I’m currently reading my 150th diet book. You’d recognize some of the titles if you’ve ever searched “weight loss” on Amazon. Some of the diet books deal with your head: self-acceptance is the key to shedding the pounds. Learn to love your folds of fat and your love will help melt them. Hate yourself and you’ll stay a size 20 forever! Yes, it’s that simple. Never mind the issues that made you unhappy with yourself in the first place. Just love yourself, dammit! Here, try some affirmations.
Other books are prescriptive: eat this, not that. “Eat what I tell you to, when I tell you to,” write the diet gurus, “and you’ll be thin and perfect. Look at me, I lost 80 pounds and I have the body of an Adonis, as you can tell by this picture of me. Don’t I look great?”
Pit book against book and it’s easy to see that the advice is contradictory, confusing, wacky, and probably in many instances just plain wrong.
After a while, each diet book feels like the one before: the person shovelling advice thinks they know it all. Nobody in the world knows the slimming process better than they do, except the people they stole their information from.
The current book that I’m reading is, I learned by the end of the second paragraph, a rehash of a bestseller. Lucky me, that bestseller is about $20 more expensive. Some of the advice makes sense. My mother told me about the dangers of bagels, and I’m already convinced I need to eat less of them. Same with bread. I know that I can’t stop at two slices, and I always had a gut feeling bread was to blame for my gut. I didn’t need to buy a book to tell me that. Though to be honest, it does help to see your own beliefs reinforced by someone else.
Along with reinforcing stuff that I already knew, though, comes a whole whack of every writer’s own personal issues that only mess me about.
“Mangoes have a high glycemic level! Stay away from mangoes! They’ll spike your blood sugar and that’s so terrible! Same with bananas! Bananas are no good. Same with carrots. Keep away from carrots!” This alarmed me, because I love mangoes, carrots are good for late-night snacks, and bananas help make smoothies smooth. In the midst of despair over losing three of my favourite fruits and vegetables, I had an aha moment and asked myself, “Bonnie, was it mangoes, carrots and bananas that inflated your waistline?”
Of course not! I’ll tell you what did it, besides the bread and the bagels. It was the usual suspects: insecurity and fear about work, friends, money, life, and the future. Brownies, cakes and cookies cure fear. Everyone knows that.
Then there was my escape from fear and insecurity into fatigue. Evenings slumped in front of the TV. There’s always something to watch, even where there’s nothing to watch (if you have cable). TV goes better with food. Don’t ask me why, it just does.
There was also my preference for the quick and easy (peanut butter and jam) over the painstaking preparation of a proper meal, involving chopping and dicing and measuring ingredients and stirring a pot on the stove.
Let’s not forget my habit of not caring about what I’m eating, as long as it doesn’t come from animals.
Now, after having read all those diet books, I realize that the only person who knows how to lose the weight is the person who piled it on in the first place: me!
I could have saved a lot of money. But it’s so seductive to run to someone else for answers. That’s why I did it 150 times.
Yet all along, all I had to do was look within myself to examine the sources of pain that lead me to reach for comfort in slice after slice of bread, not to mention pizza, fries, brownies, pancakes and buns.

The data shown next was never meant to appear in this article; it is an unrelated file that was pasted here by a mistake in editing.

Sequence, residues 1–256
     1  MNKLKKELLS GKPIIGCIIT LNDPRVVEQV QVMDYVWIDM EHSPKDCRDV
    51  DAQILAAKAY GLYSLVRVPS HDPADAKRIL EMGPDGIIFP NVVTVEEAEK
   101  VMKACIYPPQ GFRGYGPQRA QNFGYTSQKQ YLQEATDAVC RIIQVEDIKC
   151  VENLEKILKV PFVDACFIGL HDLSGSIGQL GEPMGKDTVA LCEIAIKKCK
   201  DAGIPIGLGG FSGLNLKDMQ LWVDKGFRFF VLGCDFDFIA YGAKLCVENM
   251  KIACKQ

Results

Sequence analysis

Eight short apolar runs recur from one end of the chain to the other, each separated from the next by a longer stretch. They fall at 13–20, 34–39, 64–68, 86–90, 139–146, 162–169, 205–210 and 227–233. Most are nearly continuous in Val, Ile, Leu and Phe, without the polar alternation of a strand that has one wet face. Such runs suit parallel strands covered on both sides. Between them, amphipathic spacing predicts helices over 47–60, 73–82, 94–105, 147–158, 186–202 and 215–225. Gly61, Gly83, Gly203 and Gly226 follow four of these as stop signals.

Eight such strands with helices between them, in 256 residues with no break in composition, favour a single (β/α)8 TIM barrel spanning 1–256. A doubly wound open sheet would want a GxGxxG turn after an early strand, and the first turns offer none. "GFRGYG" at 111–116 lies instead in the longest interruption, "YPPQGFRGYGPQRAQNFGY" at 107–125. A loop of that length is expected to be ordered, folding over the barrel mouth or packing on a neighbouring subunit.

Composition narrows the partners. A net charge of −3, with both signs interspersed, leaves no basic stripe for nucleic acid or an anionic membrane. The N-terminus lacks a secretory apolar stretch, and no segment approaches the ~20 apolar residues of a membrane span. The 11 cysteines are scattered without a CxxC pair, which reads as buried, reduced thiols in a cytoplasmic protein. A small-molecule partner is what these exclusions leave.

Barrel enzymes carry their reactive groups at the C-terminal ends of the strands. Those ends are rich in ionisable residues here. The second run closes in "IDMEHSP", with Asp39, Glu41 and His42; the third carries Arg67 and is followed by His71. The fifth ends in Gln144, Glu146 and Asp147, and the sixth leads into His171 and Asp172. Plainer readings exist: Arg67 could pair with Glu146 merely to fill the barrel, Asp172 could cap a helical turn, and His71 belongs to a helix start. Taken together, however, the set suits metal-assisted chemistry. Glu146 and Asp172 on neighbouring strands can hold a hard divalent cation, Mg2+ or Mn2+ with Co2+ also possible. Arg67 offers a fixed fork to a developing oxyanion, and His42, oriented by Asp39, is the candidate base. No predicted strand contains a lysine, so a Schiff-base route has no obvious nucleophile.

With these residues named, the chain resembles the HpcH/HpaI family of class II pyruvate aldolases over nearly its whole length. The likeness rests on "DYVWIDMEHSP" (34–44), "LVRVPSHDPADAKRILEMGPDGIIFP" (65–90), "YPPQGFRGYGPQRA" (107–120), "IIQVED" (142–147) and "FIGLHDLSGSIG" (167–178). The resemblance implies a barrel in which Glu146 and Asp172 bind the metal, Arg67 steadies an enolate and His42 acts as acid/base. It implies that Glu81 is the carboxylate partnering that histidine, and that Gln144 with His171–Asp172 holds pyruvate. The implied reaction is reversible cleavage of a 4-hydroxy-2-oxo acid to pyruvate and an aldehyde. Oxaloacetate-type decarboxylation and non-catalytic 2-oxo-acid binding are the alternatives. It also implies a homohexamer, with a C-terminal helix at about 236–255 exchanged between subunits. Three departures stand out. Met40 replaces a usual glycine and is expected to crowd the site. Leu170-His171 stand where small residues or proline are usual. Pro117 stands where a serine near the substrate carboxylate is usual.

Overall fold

How could any diet guru know of my exhaustive yet fruitless plans to find a new hobby to replace the one that’s grown stale? How could any diet guru know of my addiction to social media and my hours glued to a computer monitor, shuffling between sites where I communicate with people I wouldn’t recognize in person?
How could any diet guru know about my rickety relationships and challenges at work? How could any diet guru know anything about why I made food my drug?
Analyzing my collection of useless weight loss literature has led me to take action, though nothing written about in the literature. I already knew what I need to do from reading the newspaper, watching the news, reading the fashion magazines, reading this blog. The article on vegetarian sports nutrition gave me a lot of good information, for free. Weight loss can be relatively straightforward. Changing habits that are no longer productive is the really hard part.
I’m going to start with my getting-home-from-work routine. Instead of losing myself in Facebook or Pinterest, coffee in hand, I’ll get a glass of water and just sit quietly. I’ll lose myself in my breath. When I’m ready to come out of silence, I’ll make supper. I will take four or five ingredients and mix them up in a pan. You don’t need to be a chef to make an awesome stir-fry.
I’ll eat slowly, with the TV off. When I’m done I’ll clean the dishes and turn the TV on. I’ll watch whatever shows I want to watch, but I’ll have my trainers on. Eventually those expensive shoes will speak to me. Together we’ll decide how we’re going to move. Maybe we’ll go for a walk. Maybe we’ll do a DVD. Maybe we’ll turn up the stereo and dance. Only the cat is watching, and he loves me unconditionally, no matter how awkwardly I dance or attempt to do yoga.
When all’s said and done, maybe all those weight loss books weren’t a waste of time and money after all. They’ve led me to trust in myself and my own wisdom. Because what I’ve really learned from all those books is that I don’t trust self-appointed and self-aggrandizing experts. And that, of all the diet gurus in the world, the best one for me, is me.
Bonnie Shulman is a writer and editor working in Toronto. She earned her Master of Arts degree at the University of Alberta in Edmonton, Alberta. You can follow her on Twitter at @veganbonnie.